Stomach Sleeping Isn't Only SIDS Risk
Loose Bedding, Bed Sharing, Smoking Are Implicated in New Analysis
One in 5 SIDS Cases Occurs in Day Care
Although it is not clear why, Kattwinkel says smoking is emerging as an important risk factor for SIDS. Other than putting babies to sleep on their backs and keeping loose bedding out of the crib, he says stopping smoking is probably the most important intervention for preventing infant sleep deaths.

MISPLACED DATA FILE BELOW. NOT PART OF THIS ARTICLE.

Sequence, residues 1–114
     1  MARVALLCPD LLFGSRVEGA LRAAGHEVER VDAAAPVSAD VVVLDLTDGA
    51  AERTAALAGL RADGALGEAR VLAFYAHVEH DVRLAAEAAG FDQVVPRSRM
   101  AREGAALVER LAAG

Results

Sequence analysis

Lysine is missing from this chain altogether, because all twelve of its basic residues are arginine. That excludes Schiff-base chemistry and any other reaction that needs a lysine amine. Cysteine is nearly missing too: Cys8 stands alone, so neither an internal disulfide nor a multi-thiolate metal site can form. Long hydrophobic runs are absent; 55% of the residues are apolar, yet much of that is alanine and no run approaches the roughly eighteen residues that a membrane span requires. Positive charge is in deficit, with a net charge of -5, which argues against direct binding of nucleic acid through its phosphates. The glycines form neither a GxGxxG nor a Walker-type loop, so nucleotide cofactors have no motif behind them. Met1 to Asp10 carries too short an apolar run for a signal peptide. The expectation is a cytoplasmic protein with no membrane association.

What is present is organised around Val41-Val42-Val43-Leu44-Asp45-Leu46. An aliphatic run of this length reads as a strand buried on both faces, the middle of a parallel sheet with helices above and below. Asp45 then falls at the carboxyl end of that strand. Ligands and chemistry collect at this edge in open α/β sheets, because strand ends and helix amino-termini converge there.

It is also very important to make sure day-care providers and other caregivers are educated about SIDS risks. Research has shown that back-sleeping infants who occasionally sleep on their stomachs have a much greater SIDS risk than other babies -- roughly 20 times that of babies who always sleep on their backs and 15 times that of babies who sleep only on their stomachs.
This may explain why as many as 20% of SIDS cases occur in day-care settings. A recent study showed that fewer than half of day-care providers questioned knew to put babies to sleep on their backs.
"A mother can know the risks and follow all the rules, but it may not mean anything if the day-care worker, grandparent or other caregiver isn't educated about this," Kattwinkel says.